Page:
It’s been a while since I sat down to the computer and shared my thoughts. This summer has been a blur and it’s hard to relate all that’s gone on.
What’s been going on?
Personally, it was a great summer. We spent over three weeks in the camper. Northern Minnesota, North Dakota, Cody Wyoming, Yellowstone… it’s been a ball. The weather was warm but way too dry. Lake levels dropped well below normal but it was great weather to be on the water.
This is the first summer I really decided to put business aside and just enjoy the time off. I will admit that I took in a couple of gun/knife shows that I don’t normally. They were worth the time and a good diversion. There’s still a ton of discretionary income being spent on knives, axes and guns. And who would have ever thought you could get a part time job at the local gas station making $18/hr?
While Covid is still a factor, it seems like we’re finally starting to accept it as a part of life. Vaccines and new treatments have brought us a long way. In our part of the country, we don’t see many folks wearing masks anymore. Our infection rates are up but the mortality rate is down. It’s starting to feel more like a flu outbreak we can deal with.
What’s happening in the industry
The biggest changes I’ve encountered at the shows and in the day to day operations are the price increases. Actually, the price increases and product shortages are startling.
I had axes on back order for over 6 months and finally cancelled them. Two of the companies couldn’t give me a firm delivery date. This screwed things up when scheduling shows as you don’t know if you’re going to have product to display.
Delivery was a problem but in the axe industry it seemed that availability of steel was an issue. One of the companies recited horror stories regarding steel prices that were moving on an almost monthly basis. Most of the issues came from manufacturers that were spec’ing the steel they wanted rather then buying sheet steel off the rack. If you’re using 1095, D2, 440, etc, it doesn’t seem availability was as much of an issue.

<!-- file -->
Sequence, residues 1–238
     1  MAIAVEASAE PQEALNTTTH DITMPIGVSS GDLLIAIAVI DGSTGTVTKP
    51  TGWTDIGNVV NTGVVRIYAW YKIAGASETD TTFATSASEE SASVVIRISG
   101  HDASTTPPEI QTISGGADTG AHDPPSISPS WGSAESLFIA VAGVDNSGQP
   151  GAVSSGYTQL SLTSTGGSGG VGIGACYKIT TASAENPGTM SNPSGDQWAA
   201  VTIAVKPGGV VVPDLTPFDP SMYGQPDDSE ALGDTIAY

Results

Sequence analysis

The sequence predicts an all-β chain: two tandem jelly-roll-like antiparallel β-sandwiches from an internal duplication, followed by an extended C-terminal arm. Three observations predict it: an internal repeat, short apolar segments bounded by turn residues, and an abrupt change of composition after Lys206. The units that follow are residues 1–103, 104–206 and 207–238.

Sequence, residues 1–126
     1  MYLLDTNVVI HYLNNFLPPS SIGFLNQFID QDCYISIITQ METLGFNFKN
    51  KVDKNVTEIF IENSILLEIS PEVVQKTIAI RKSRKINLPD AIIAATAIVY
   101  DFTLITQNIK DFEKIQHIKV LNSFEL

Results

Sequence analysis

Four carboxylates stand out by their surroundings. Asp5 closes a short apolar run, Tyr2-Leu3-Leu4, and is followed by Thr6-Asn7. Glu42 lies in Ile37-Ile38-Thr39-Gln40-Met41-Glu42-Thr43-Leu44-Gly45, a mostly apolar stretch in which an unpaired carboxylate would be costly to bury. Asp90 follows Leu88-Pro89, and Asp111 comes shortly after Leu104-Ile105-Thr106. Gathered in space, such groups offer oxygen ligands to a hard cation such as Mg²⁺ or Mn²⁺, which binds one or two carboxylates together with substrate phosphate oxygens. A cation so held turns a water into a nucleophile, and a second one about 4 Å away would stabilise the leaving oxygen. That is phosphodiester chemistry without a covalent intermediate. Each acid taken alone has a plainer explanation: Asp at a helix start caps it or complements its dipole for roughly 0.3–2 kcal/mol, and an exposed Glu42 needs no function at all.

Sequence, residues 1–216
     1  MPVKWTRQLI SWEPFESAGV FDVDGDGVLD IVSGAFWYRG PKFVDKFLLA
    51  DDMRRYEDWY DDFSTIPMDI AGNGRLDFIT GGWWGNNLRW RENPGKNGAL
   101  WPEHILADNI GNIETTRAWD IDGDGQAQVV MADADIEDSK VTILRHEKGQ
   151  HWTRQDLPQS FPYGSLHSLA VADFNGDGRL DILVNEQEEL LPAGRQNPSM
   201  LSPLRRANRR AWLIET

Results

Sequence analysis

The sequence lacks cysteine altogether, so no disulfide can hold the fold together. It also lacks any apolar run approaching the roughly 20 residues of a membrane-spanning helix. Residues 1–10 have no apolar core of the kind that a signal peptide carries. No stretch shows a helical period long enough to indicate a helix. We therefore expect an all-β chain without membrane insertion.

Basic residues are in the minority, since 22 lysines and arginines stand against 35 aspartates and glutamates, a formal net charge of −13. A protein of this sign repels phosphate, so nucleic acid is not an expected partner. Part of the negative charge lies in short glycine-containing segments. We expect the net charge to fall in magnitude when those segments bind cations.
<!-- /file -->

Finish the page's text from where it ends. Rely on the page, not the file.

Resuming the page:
I’ve seen prices on knives moving steadily up as well. Some of the foreign import knives (Finland, Sweden, etc) have taken substantial price jumps. Domestically, a real shock was the price of the Southern Grind throwing axe. Early in the year the suggested retail was $139.95 for the tumbled finish. Today, you’re looking at well north of $200. Karesuando’s Beaver Damask was $500 (MSRP) and is now $600 MSRP. 10-15% price increases since the first of the year is pretty typical.
What can we expect in the future
We’re hearing from the government that the inflation is temporary and we need not be concerned. We’ve heard this song for several months and I hope someone picks up an economics book. While the US isn’t feeling it to any huge degree yet, the energy shortage (specifically natural gas) in Europe is raising havoc with everything from home heating costs to manufacturing. I read last week that several steel manufacturers in Europe were considering shutting down due to cost and availability of fuel. And of course the steel industry is a major user of natural gas and electricity (which is also produced with natural gas). With the heating season just around the corner, this problem isn’t going away any time soon. In a few short months the US went from an energy exporter to asking OPEC to increase production to help us out. I would predict we could see even more upward pressure on prices before the end of the year.
We’re seeing some issues with products coming in from Asia. While energy and steel prices are a factor, further complicating the problem are ships sitting off shore that can’t get into harbors to unload. Some of the large importers are starting to lease/rent their own smaller cargo ships that can get into the smaller ports to unload. This is coming at a huge cost to them which will get passed on to the consumer. It’s all going to add pressure to prices.
Domestically, some of these issues could help our US manufacturers. The problems we face at home include energy costs, transportation issues and upward pressure on wages. I’m in favor of folks making more money, but someone has to pay the tab. The push to pass the humongous infrastructure/tax/green bill is frightening. If we tax the manufacturers to pay for these ‘improvements’, someone has to pay for them. Amazingly, we’re being told the cost of these programs will be zero. How in the hell that works I don’t know. In high school economics we were told businesses pass on their costs in the form of increased prices. So if their taxes go up, I think it’s a pretty good bet companies won’t just magically absorb them.
We’ve got a mess that’s not going away any time soon. In the near term I’m not sure it’ll have a huge impact. So far it hasn’t had much effect on folks spending money even with the higher prices. There are still stimulus dollars burning a hole in pockets. By year end as we start to feel these costs penetrate deeper into our economy, it’s bound to affect us more and more. My hope is our domestic manufacturers can contain costs and get a firmer foothold in the cutlery industry. We’ve seen China take a huge chunk of the market in the last few years and this could slow up their expansion. Time will tell. They’re a formidable competitor.
For now, I’m exercising more caution on what I’m buying. Actually, what I see selling at the shows and what people are asking about is influencing my buying more and more. Let’s all hope we move past this time in history with minimal bumps in the road!!